DEAR BARRY: We recently purchased a home and hired a home inspector to find all the defects. During the inspection, I noticed that the wallpaper in the master bedroom was discolored and peeling at the edges. When I asked the inspector about this, he dismissed it as insignificant, but I continued to feel uncomfortable about it. Last week, I peeked behind a peeled edge of the wallpaper and found green mold. If I’d known about this, I’d have asked the sellers to have it removed. Shouldn’t this have been disclosed by our home inspector? –Jeri

DEAR JERI: When you asked the home inspector about the loose and discolored wallpaper, he should not have dismissed the issue. His answer should have been something on the order of, "I don’t know for sure if there is a problem, but the condition of the wallpaper indicates that there could be a moisture-related issue below the surface. Therefore, I recommend that the wallpaper be removed prior to close of escrow to determine whether there is a problem in that area." That kind of disclosure would have led to discovery of the mold and would have saved you the cost of mold remediation and wall repairs.

You should contact the home inspector about your new findings and ask that he take a second look at the wall. A common response from many home inspectors in this kind of situation is to claim that the mold was concealed from view and that mold is not within the scope of a home inspection. Both defenses are true and valid. However, competent home inspectors never dismiss evidence of possible moisture damage. That was your home inspector’s primary error.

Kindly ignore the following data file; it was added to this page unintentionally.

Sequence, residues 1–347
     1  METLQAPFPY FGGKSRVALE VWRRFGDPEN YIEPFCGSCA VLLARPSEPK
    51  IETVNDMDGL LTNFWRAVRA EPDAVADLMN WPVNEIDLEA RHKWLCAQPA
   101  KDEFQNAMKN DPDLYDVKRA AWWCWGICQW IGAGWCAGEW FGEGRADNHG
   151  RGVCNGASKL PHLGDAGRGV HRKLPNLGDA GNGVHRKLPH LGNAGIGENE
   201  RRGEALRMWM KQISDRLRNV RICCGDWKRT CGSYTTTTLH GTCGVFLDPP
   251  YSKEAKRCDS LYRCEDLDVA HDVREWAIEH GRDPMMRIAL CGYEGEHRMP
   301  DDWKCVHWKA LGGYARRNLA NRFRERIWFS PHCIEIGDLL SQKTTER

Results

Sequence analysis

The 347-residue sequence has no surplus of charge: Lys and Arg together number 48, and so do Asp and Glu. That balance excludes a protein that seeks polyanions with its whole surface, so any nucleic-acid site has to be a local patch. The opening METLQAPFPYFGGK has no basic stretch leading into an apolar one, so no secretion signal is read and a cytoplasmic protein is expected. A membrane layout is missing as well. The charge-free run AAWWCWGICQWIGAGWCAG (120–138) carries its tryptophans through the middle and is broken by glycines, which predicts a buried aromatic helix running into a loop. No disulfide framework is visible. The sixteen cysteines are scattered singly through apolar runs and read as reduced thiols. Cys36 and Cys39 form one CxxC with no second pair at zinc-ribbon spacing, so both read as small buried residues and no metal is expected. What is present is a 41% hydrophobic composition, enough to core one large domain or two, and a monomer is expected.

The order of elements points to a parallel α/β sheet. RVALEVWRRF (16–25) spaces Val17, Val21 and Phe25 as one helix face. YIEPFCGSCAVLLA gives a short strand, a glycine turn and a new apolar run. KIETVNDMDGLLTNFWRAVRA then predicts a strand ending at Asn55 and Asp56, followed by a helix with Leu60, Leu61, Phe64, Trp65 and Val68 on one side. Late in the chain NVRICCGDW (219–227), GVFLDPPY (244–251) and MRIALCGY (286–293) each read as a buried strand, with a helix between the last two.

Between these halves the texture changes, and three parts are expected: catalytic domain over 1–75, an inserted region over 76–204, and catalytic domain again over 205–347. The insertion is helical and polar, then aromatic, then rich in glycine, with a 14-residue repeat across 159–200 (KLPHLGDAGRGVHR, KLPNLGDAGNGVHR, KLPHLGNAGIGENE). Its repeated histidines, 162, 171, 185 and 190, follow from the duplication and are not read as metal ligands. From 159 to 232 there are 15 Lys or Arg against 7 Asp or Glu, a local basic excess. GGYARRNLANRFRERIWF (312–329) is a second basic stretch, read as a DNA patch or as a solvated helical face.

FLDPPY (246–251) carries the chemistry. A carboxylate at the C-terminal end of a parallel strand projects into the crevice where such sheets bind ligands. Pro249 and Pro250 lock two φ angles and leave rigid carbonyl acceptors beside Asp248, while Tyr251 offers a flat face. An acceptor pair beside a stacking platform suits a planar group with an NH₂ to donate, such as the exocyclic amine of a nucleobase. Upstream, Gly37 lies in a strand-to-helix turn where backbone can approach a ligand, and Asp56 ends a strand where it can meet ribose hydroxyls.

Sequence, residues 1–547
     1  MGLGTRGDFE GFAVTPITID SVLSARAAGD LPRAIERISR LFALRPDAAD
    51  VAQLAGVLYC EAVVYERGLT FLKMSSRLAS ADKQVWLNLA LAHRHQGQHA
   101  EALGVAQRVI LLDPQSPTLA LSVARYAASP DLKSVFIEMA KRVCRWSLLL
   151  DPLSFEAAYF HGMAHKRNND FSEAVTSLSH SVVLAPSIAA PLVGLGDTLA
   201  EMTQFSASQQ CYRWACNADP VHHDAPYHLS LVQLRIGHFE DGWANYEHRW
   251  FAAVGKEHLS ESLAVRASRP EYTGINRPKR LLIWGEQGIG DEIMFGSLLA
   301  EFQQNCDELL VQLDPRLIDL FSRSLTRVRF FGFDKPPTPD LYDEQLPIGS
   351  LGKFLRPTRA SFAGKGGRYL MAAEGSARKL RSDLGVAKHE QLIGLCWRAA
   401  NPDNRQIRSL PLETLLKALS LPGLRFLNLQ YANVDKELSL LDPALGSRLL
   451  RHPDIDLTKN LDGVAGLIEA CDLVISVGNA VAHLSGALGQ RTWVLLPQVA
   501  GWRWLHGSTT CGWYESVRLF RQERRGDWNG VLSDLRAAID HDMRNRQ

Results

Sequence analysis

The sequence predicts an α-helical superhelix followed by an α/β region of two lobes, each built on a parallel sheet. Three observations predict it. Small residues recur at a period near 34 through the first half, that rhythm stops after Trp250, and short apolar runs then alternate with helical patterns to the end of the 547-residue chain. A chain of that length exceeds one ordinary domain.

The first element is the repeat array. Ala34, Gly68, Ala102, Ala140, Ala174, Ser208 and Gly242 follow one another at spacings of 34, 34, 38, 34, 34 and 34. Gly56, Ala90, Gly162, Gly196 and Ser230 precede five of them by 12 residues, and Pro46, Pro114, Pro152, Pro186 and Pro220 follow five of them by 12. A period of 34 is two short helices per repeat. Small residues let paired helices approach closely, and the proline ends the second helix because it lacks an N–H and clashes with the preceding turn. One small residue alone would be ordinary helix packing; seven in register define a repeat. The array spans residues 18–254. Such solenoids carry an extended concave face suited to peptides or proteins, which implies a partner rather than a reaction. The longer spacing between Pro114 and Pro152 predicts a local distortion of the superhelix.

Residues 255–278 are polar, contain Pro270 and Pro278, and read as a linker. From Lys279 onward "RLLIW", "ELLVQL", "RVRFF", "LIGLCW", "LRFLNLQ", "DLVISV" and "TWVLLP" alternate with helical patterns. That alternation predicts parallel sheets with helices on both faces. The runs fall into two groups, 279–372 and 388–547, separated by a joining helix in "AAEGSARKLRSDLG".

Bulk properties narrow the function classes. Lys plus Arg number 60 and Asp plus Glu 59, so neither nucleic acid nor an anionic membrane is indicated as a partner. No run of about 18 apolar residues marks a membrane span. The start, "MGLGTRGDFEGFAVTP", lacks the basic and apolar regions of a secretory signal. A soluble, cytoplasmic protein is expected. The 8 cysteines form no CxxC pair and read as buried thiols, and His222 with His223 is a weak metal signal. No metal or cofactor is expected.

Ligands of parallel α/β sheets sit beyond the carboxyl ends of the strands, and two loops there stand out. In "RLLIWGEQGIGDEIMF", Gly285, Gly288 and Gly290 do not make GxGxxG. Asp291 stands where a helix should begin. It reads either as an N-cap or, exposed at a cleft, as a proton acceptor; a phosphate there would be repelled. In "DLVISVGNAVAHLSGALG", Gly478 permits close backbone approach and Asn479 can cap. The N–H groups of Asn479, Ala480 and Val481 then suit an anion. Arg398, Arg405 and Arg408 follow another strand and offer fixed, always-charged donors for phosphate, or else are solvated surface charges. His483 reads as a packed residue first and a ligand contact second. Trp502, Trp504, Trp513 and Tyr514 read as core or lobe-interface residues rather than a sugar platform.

DEAR BARRY: The contractor who built my home doesn’t want to fix damages caused by flooding in the basement. We bought the house about a year ago, and the warranty covers one year of workmanship. We don’t trust the builder and want to hire a contractor to fix the problem and then have the builder pay for all of the repairs. We are preparing the case for court. What do you advise? –Marcos & Evelyn

DEAR MARCOS & EVELYN: If flooding occurs in the basement of a new home, this means that the builder did not adequately provide for ground water drainage and waterproofing of the foundation walls. These are significant construction defects, and the builder is responsible for corrective work, which is likely to be very costly. In preparing your case, you’ll need professional evaluations for evidence. First, you need a report from a geotechnical engineer. That’s the fancy name for a drainage specialist.

Next, you should have the entire home evaluated by the most qualified and experienced home inspector you can find. A good inspector will find more construction defects than you are currently aware of, and the added list of defects will strengthen your case against the builder.

The entire matter should be handled by an attorney who specializes in construction defect law. And finally, you should file a complaint with the state agency that licenses contractors.

To write to Barry Stone, please visit him on the Web at


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